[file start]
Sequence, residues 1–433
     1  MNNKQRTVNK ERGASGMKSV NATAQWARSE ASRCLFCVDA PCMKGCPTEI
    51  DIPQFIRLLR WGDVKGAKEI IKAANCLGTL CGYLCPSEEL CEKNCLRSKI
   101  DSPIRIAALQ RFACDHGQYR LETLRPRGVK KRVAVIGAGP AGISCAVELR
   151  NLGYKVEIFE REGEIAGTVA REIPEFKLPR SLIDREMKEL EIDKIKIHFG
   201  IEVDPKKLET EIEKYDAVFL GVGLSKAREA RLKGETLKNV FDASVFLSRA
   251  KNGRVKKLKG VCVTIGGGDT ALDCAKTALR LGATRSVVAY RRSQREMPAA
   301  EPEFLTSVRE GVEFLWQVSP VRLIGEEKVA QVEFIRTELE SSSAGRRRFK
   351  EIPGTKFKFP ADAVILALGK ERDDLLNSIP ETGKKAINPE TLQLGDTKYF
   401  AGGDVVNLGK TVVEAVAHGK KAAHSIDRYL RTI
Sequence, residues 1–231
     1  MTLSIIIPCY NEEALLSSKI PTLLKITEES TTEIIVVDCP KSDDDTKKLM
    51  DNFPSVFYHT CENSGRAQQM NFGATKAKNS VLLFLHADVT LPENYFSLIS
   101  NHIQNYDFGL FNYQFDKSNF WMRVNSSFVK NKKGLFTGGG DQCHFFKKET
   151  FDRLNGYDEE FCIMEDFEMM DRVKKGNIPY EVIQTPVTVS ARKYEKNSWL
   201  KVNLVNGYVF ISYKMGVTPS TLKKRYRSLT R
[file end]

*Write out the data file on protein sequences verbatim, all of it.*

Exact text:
Sequence, residues 1–433
     1  MNNKQRTVNK ERGASGMKSV NATAQWARSE ASRCLFCVDA PCMKGCPTEI
    51  DIPQFIRLLR WGDVKGAKEI IKAANCLGTL CGYLCPSEEL CEKNCLRSKI
   101  DSPIRIAALQ RFACDHGQYR LETLRPRGVK KRVAVIGAGP AGISCAVELR
   151  NLGYKVEIFE REGEIAGTVA REIPEFKLPR SLIDREMKEL EIDKIKIHFG
   201  IEVDPKKLET EIEKYDAVFL GVGLSKAREA RLKGETLKNV FDASVFLSRA
   251  KNGRVKKLKG VCVTIGGGDT ALDCAKTALR LGATRSVVAY RRSQREMPAA
   301  EPEFLTSVRE GVEFLWQVSP VRLIGEEKVA QVEFIRTELE SSSAGRRRFK
   351  EIPGTKFKFP ADAVILALGK ERDDLLNSIP ETGKKAINPE TLQLGDTKYF
   401  AGGDVVNLGK TVVEAVAHGK KAAHSIDRYL RTI
Sequence, residues 1–231
     1  MTLSIIIPCY NEEALLSSKI PTLLKITEES TTEIIVVDCP KSDDDTKKLM
    51  DNFPSVFYHT CENSGRAQQM NFGATKAKNS VLLFLHADVT LPENYFSLIS
   101  NHIQNYDFGL FNYQFDKSNF WMRVNSSFVK NKKGLFTGGG DQCHFFKKET
   151  FDRLNGYDEE FCIMEDFEMM DRVKKGNIPY EVIQTPVTVS ARKYEKNSWL
   201  KVNLVNGYVF ISYKMGVTPS TLKKRYRSLT R